FIG. 3 is a schematic representation of a method of manufacturing composite product using the agricultural grain particulate matter in accordance with an embodiment of the present invention.

FIGS. 4-6 are partially schematic illustrations illustrating a method of manufacturing a composite material product incorporating agricultural grain particulate filler product in accordance with another embodiment of the present invention with FIGS. 4-6 showing different steps in sequence.

FIG. 7 is a perspective view of a roadway sign made of one of the composite materials of FIGS. 1 or 2 with a transmitter embedded in the composite material.

While the invention will be described in connection with certain preferred embodiments, there is no intent to limit it to those embodiments. On the contrary, the intent is to cover all alternatives, modifications and equivalents as included within the spirit and scope of the invention as defined by the appended claims.

DETAILED DESCRIPTION OF THE INVENTION

The following embodiments and/or examples further illustrate the invention but, of course, should not be construed as in any way limiting its scope.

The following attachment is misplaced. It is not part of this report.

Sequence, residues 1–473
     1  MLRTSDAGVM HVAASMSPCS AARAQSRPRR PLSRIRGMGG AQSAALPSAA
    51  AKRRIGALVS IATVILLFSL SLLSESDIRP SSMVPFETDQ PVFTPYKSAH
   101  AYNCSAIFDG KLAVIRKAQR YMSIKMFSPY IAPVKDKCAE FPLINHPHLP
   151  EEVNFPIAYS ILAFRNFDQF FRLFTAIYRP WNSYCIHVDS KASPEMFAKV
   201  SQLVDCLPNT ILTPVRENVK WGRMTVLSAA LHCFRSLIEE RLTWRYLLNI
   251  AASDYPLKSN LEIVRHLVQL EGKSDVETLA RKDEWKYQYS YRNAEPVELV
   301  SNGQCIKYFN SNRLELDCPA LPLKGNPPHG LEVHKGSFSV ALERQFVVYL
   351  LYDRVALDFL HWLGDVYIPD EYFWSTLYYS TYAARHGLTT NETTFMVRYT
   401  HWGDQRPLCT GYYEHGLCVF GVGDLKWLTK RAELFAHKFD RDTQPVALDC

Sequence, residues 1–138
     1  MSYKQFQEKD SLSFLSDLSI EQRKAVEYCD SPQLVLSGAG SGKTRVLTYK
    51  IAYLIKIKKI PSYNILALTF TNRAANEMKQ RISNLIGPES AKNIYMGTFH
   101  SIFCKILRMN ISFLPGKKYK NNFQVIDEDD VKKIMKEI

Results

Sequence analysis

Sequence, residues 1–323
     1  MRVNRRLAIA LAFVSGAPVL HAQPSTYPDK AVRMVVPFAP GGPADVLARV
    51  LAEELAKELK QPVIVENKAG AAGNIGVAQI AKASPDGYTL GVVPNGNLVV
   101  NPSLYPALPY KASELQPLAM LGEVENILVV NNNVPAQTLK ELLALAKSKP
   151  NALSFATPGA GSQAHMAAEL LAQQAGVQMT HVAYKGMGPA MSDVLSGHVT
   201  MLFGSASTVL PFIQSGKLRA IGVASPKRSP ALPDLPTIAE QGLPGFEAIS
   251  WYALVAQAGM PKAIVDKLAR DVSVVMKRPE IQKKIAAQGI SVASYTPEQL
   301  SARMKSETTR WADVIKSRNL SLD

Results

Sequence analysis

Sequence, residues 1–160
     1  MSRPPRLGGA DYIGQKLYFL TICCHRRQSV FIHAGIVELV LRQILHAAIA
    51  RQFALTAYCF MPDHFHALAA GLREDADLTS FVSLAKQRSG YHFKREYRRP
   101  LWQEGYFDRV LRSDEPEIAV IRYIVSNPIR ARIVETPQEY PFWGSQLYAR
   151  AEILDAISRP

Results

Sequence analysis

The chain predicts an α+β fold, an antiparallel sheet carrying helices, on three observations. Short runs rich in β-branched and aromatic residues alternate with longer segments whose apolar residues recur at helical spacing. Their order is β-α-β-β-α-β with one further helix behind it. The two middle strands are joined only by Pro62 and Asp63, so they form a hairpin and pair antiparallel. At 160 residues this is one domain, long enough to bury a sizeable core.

Referring to FIG. 1, a first embodiment or example of the present invention will be described. FIG. 1 generally shows a composite material product 10 of a sandwich-type design. The composite product 10 includes two outer skins 12 of reinforcement material. Suitable reinforcement materials may typically include one or more layers of fiber material 14, which may comprise fiberglass, carbon fiber, and/or other suitable forms of fiber to include natural fibers or other such reinforcement materials including reinforcements that may be made Dried Distiller's Grains (DDG) and other byproduct of energy production from agricultural material. The fiber material 14 may be discontinuous and/or continuous, may contain one or several plies, and may be unidirectional, bi or multidirectional. Fiber material 14 is typically cast and set in place with a suitable resin material 16 (as used herein, resin, binder and matrix may be used interchangeably). While fiber material is preferred, suitable monolithic materials may also be used for the skins.